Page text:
Biden’s student loan ploy could cost $1TRILLION: Budget predictions reveal staggering new total that undermines the White House claims it will all be paid with deficit reduction
- A recent budget model shows President Biden’s student loan forgiveness plan could cost the federal government up to $1 trillion
- The White House said the debt cancellation portion would cost $240 billion
- Multiple private analyses have undercut the White House’s prediction
- Taxpayers Protection Alliance President David Williams told DailyMail.com on Monday that the White House’s estimate was ‘ludicrous’
Questions continue to mount over the White House‘s federal student loan forgiveness plan as multiple analyses suggest the government has underestimated the policy’s hefty price tag.
The most broadly impactful measure is the cancellation of up to $10,000 in student debt for borrowers making under $125,000 or $250,000 married. Pell Grant recipients – generally from low-income backgrounds – are eligible for up to $20,000 in relief.
The Biden administration expects that will mean $240 billion in lost revenue over the next decade.
But even without the cost estimates of the other policy points, several private analyses already suggest the White House’s projection is modest at best.
Among the most highly-cited is the Penn-Wharton budget model, which predicts total costs could reach $1 trillion.
‘It is ludicrous to think that the White House’s student loan forgiveness plan will only cost $240 billion over a decade,’ Taxpayers Protection Alliance President David Williams told DailyMail.com on Monday.
‘When there is an income threshold of $125,000 for individuals and $250,000 for couples, this handout will be available to millions of Americans, many of whom make plenty of money and shouldn’t be asking taxpayers for a handout to help pay off their student loans.’
The debt cancellation portion alone could cost $469 billion to $519 billion, according to Penn-Wharton – roughly double the White House’s figure.
President Joe Biden’s plan for student loan debt will cost the federal government up to $1 trillion, according to a recent Penn-Wharton budget model
A ‘static’ assessment with other measures such as the repayment moratorium extension and income-driven repayment plan (IDR) bring the estimated price tag to $605 billion. Other costs are projected to push the total even higher.
The non-partisan Committee for a Responsible Federal Budget (CRFB) estimates the 10-year cost to be between $440 billion and $600 billion.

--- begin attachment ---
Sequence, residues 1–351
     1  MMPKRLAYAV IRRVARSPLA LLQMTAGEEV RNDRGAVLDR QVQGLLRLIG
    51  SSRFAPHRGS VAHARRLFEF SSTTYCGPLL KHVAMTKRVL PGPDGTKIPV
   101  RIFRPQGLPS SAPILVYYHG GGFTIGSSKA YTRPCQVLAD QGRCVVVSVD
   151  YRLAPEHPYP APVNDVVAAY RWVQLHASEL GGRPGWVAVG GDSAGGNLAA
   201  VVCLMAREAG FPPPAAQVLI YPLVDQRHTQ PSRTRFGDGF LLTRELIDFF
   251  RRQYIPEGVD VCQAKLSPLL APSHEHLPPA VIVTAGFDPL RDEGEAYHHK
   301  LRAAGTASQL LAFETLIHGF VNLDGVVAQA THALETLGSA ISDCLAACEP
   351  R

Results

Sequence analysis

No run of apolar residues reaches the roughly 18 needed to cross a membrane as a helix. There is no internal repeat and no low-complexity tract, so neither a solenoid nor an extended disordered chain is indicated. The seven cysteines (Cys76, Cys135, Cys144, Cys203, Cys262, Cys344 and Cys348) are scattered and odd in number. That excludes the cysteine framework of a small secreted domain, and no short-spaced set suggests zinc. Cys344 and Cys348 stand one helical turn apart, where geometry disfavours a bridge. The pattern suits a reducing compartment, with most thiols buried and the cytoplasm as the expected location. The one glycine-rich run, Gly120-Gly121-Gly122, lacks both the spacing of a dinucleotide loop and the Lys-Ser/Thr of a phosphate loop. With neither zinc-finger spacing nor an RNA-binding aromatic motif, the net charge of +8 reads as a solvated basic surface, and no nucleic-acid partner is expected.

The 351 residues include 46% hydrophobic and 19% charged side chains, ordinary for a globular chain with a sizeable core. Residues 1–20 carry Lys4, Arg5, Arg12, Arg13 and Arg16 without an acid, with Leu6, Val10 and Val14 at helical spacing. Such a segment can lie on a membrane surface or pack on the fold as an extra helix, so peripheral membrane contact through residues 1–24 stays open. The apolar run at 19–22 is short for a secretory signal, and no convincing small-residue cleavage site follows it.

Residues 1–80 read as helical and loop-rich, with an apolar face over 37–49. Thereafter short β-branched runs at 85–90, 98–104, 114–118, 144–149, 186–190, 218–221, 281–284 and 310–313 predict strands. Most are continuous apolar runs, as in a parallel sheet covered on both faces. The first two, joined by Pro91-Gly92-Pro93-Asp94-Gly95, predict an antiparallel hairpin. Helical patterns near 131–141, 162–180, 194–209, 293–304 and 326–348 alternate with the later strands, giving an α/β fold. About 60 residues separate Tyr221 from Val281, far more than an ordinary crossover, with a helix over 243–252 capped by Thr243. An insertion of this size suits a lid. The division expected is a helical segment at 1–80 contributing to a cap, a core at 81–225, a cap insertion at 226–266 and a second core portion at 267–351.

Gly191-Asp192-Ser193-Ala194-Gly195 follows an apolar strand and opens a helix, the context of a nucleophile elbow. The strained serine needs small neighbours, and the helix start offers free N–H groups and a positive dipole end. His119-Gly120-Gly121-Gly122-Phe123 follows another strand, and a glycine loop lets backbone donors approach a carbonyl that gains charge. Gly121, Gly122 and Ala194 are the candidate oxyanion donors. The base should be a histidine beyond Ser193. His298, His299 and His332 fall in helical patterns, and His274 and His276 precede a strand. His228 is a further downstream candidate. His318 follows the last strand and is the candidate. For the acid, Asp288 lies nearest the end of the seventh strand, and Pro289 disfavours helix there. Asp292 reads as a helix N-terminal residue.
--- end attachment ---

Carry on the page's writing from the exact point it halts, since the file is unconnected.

Another calculation, from the National Taxpayers Union, suggests the cost of the debt cancellation portion could exceed $400 billion.
Deputy Director of the White House National Economic Council Bharat Ramamurti told reporters last month that the $240 billion estimate accounts for 75 percent of eligible borrowers applying for debt cancellation.
He promised a full cost sheet would come from the Department of Education and Office of Management and Budget ‘in the coming weeks.’
But the Taxpayers Protection Alliance president slammed the plan as a ‘bailout’ for well-off college graduates.
Taxpayers Protection Alliance President David Williams told DailyMail.com that the White House’s estimated $240 billion price tag for the debt forgiveness portion is ‘ludicrous’
‘It’s easy for the White House to play down the costs of this bailout because there probably won’t be any consequences when that $240 billion balloons into $800 billion or $900 billion,’ Williams told DailyMail.com.
‘With a debt of more than $30 trillion, there is no reason for anybody in the country to take either party seriously when they give cost estimates of legislation or presidential decrees.’
Republicans have accused Biden of overreaching his authority and claim the measures will unfairly shift an added tax burden onto Americans without college degrees.
Democrats who have been against it – primarily moderates in vulnerable midterm seats – have said it does not address the root cause of out-of-control higher education tuition.
Both sides of the aisle have shared concerns about the plan’s impact on inflation – which reached a 40-year high of 9.1 percent in June before subsiding somewhat to 8.5 percent last month.